By Joe Beck
Crooks can use pens as well as guns to steal, and no group is more vulnerable to unscrupulous plots to separate people from their money than the elderly.
A Front Royal police detective, adult protective social services worker and certified fraud examiner are hoping a seminar they are planning in Front Royal will help prevent and detect fraudulent business practices that target seniors.
The list of topics included in the seminar, scheduled for 7 p.m. Thursday in room 602 of the Warren County Government Building at 220 Commerce Ave., includes Internet and telemarketing scams, identity theft, bogus investments, lotteries and sweepstakes, deceptive home improvement and medical services and power of attorney embezzlement.
One of the speakers, Front Royal Detective Crystal Cline, recounted a recent case in which the daughter of an elderly victim found six checks her mother had written. The daughter was suspicious about the recipients, so she called police, who discovered the checks were cashed on behalf of someone else as part of a scheme to defraud the victim on home repairs, Cline said. A structural engineer hired to inspect the home concluded the victim paid $7,300 for work that was never done, Cline said, adding that two brothers were later charged with five felony counts of obtaining money under false pretenses.
While a con artist can deceive people of any age, seniors are especially vulnerable, Cline said.
"Seniors are scammed because they're usually polite and trusting," Cline said. "They were born in the 1930s, 40s and 50s, and it's hard for them to say 'no', and hang up the phone," Cline said.
The idea for the seminar came from Tim Frees, a retired general manager at Jack Evans Chevrolet and currently an adjunct instructor in accounting at Lord Fairfax Community College.
"I'm a senior," Frees said. "I'm 69 and will be turning 70. I'm kind of interested in these things. In the working world, I had to deal with embezzlement and fraud. In the business world, you run into it. Unfortunately, in retirement, you run into it with people you know."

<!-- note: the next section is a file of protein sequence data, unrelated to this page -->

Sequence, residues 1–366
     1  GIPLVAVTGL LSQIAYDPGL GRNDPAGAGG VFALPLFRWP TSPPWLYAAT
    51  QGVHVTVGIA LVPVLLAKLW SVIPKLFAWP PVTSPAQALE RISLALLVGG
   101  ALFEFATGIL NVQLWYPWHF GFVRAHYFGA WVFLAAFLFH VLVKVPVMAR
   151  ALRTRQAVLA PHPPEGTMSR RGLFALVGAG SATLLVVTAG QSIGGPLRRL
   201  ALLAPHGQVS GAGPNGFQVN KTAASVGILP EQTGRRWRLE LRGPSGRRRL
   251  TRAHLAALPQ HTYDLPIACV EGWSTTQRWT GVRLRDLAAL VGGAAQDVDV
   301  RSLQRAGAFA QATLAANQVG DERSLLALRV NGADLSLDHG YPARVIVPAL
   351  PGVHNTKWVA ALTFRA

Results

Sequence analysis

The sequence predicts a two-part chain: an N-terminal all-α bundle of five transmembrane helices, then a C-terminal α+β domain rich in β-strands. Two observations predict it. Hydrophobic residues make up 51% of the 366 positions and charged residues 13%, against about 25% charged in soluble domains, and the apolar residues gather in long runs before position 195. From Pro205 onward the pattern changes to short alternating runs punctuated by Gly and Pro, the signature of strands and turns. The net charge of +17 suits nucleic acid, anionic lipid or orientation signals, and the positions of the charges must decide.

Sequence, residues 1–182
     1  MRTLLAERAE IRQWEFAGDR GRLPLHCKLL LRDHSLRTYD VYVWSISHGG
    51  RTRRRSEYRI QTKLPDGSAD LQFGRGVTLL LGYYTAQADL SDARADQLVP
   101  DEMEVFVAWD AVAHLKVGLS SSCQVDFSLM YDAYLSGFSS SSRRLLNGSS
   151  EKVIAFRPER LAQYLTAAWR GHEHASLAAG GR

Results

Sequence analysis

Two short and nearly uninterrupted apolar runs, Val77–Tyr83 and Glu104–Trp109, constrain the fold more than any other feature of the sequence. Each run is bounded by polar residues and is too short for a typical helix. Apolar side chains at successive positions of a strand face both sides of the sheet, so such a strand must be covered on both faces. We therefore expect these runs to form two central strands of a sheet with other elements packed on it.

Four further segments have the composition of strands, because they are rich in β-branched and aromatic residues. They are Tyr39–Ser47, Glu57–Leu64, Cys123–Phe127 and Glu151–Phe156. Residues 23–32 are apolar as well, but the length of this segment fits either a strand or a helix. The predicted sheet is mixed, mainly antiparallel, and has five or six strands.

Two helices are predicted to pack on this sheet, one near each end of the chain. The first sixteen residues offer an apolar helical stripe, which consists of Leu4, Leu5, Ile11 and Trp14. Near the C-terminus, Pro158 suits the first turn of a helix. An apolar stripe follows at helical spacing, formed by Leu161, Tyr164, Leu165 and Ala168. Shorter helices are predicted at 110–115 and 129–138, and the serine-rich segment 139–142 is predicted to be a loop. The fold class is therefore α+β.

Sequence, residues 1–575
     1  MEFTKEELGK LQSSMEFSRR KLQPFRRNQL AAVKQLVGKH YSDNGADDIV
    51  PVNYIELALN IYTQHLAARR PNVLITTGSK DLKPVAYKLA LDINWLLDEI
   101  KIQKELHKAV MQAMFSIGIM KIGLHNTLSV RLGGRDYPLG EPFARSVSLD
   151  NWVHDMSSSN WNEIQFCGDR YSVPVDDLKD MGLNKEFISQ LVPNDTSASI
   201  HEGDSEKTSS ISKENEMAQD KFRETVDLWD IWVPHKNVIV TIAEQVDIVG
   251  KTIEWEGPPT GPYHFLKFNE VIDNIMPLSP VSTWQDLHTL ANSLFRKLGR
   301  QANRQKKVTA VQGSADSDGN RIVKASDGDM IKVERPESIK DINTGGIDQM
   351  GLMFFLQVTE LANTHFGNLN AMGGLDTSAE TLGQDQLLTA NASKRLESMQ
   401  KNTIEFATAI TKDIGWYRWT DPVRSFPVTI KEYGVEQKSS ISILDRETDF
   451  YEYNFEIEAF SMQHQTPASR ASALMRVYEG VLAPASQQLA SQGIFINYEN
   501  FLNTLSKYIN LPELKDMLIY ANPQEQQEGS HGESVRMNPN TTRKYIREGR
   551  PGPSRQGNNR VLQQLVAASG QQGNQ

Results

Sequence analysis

Frees said he is a member of the Washington, D.C., chapter of the Association of Certified Fraud Examiners. The organization conducted a seminar in November that inspired him to speak to Janice Hart, a crime prevention specialist with the Front Royal police, about holding a similar event that would focus on local fraud.
Thursday's program also will include a presentation by John Steele, who works in adult protection with the Warren County Department of Social Services.
Cline said there are cases in which even family members and caregivers try to take advantage of an elderly relative or client.
Caregivers and those with power of attorney should pay close attention to bills for cell phones, cable TV and other goods and services that show payment for items that "wouldn't be indicative of benefits for the people they're caring for."
Cline said many elderly fraud victims refuse to report the crimes because they're ashamed of being duped or afraid of police. In some cases, they don't even realize they've been conned.
Cline said those who do report crimes often make poor witnesses when police and prosecutors are trying to assemble a case against a suspect.
"They get their facts messed up," Cline said of the victims. "They don't remember details. The suspects are counting on the elderly victims not being able to supply those details, so more than likely, they're going to get away it."
Contact staff writer Joe Beck at 540-465-5137 ext. 142, or email@example.com